You may not think of quitting tobacco as a skill, but in some ways, it's like riding a bike. You figure out how to move forward, keep your balance, and get where you want to go. And if you should fall, you can get up and keep on going.

  • Plan ways to distract yourself from urges

  • Have other things nearby to hold in your hands or put in your mouth

  • Look for fun activities that don’t include tobacco

  • Be prepared to manage withdrawal symptoms

Quitter Stories

Judy W., a former tobacco user, shares her quitting story

Behavior Change Resources

laptop Icon
Online
Become an Ex
  • Discover tobacco-free ways to relieve stress
laptop Icon Phone Icon smart-phone Icon Users Icon
Smokefree.gov
  • Learn how physical activity can help you quit smoking
  • Use mindfulness to cope with stress and triggers
  • Win the war against increased appetite and weight gain
Key 4

Get Medication and Use it Correctly

For many people, medication can be the key to quitting smoking. Using medication can greatly increase your chances of quitting for good.3

The U.S. Food and Drug Administration (FDA) has approved medications to help people quit smoking. Nicotine Replacement Therapy (NRT) medications provide small, steady doses of nicotine to help stop cravings and relieve symptoms people might experience while trying to quit smoking. Some NRTs are available without a prescription, including gums, inhalers, nasal sprays, lozenges, and patches. Other medications must be prescribed by a doctor.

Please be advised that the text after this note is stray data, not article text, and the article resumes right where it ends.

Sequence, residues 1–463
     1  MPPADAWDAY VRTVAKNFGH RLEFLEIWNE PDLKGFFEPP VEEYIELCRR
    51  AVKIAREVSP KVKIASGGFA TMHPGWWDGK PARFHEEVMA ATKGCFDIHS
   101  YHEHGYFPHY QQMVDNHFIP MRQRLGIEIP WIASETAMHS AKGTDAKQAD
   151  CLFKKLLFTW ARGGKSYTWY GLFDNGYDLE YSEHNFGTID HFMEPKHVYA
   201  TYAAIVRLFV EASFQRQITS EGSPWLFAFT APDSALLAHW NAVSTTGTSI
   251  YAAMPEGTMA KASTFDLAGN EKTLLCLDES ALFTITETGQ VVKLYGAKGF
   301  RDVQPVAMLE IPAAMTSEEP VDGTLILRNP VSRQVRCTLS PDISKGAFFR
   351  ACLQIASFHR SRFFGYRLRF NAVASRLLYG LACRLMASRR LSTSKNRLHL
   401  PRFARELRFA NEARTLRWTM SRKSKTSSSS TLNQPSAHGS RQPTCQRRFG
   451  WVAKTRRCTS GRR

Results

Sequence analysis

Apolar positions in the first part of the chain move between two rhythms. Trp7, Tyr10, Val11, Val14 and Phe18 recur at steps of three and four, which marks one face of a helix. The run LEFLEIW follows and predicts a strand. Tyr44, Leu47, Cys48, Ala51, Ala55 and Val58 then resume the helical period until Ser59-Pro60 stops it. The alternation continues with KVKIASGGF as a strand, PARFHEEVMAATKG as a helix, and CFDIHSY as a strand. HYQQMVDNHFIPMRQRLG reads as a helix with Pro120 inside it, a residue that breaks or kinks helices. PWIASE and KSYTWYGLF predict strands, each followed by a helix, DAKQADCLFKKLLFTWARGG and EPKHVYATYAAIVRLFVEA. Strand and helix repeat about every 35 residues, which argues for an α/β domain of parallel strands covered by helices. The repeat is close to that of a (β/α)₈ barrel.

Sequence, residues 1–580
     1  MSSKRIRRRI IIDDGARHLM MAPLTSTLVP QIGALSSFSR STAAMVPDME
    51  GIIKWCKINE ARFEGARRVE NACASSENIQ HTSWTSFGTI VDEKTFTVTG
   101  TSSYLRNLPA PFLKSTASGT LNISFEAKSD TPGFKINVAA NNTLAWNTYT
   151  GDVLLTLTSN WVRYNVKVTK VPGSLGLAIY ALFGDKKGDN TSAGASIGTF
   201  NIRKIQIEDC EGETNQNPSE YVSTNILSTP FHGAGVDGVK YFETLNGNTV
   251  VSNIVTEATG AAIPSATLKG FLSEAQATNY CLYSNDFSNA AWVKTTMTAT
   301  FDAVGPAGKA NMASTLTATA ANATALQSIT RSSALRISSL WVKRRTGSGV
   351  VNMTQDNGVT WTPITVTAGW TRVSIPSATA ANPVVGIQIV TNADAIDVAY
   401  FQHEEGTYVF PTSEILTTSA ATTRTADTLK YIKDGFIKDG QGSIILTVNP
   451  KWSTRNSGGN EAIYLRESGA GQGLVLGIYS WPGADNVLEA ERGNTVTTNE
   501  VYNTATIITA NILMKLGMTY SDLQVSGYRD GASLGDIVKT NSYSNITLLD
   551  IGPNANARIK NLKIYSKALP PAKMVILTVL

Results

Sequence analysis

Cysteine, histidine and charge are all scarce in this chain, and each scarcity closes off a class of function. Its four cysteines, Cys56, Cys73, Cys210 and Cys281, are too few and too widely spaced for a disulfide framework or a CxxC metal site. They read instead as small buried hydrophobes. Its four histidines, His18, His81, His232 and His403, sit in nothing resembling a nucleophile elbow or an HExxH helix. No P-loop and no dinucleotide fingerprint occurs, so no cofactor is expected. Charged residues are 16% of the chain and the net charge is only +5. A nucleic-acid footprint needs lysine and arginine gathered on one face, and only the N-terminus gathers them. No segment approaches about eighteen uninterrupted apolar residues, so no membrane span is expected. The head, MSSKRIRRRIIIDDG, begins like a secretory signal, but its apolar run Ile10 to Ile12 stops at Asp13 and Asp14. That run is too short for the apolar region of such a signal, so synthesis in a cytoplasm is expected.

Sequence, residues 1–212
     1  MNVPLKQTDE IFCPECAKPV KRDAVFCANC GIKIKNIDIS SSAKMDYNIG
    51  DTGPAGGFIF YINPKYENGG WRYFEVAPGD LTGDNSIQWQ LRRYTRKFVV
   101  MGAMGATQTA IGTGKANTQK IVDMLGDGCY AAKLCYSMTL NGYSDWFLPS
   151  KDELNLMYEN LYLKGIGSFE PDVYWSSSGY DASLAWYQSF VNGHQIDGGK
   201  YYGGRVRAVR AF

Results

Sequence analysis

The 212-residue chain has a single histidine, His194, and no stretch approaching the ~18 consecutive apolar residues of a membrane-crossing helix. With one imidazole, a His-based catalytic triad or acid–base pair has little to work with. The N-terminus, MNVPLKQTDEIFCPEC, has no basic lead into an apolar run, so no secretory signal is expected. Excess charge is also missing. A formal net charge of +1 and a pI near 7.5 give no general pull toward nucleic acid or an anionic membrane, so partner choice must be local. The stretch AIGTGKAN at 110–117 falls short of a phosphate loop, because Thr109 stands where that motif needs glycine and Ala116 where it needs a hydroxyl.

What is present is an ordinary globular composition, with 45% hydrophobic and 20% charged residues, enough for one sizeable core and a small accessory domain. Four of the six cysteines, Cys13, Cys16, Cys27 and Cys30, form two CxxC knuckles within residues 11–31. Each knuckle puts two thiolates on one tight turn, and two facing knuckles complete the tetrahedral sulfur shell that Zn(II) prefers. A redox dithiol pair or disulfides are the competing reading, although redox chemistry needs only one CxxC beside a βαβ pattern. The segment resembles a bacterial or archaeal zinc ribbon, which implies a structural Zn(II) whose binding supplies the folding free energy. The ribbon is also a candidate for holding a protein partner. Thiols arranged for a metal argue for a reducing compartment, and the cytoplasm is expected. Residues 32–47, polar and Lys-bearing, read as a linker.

Many state telephone quitlines offer free or reduced-price medications to eligible callers - call 1-800-QUIT-NOW1-800-QUIT-NOW to learn more. Some medications may also be covered by Medicare or Medicaid.

Be sure to speak to your health care provider or pharmacist about how medication can help you in your efforts to quit.

Quitter Stories

Neal S., a former tobacco user, shares his quitting story

Cessation Resources

laptop Icon
Become An Ex
  • Listen to an expert explain tobacco cessation medication and myths
  • Choose a medical cessation aid
laptop Icon Phone Icon List Icon
Review NRT Options
Visit smokegree.gov to explore different methods for quitting, based on effectiveness, and to review different NRT options.
Phone Icon
State Quitlines
Ask about financial support for quitting medications at 1-800-Quit-Now.1-800-Quit-Now.
Key 5

Be Prepared for Relapse or Difficult Situations

For most people, quitting is not the biggest challenge; it's staying quit. The greatest risk for relapse is in the first three months after quitting, so be prepared to handle difficult situations and to recover if you slip.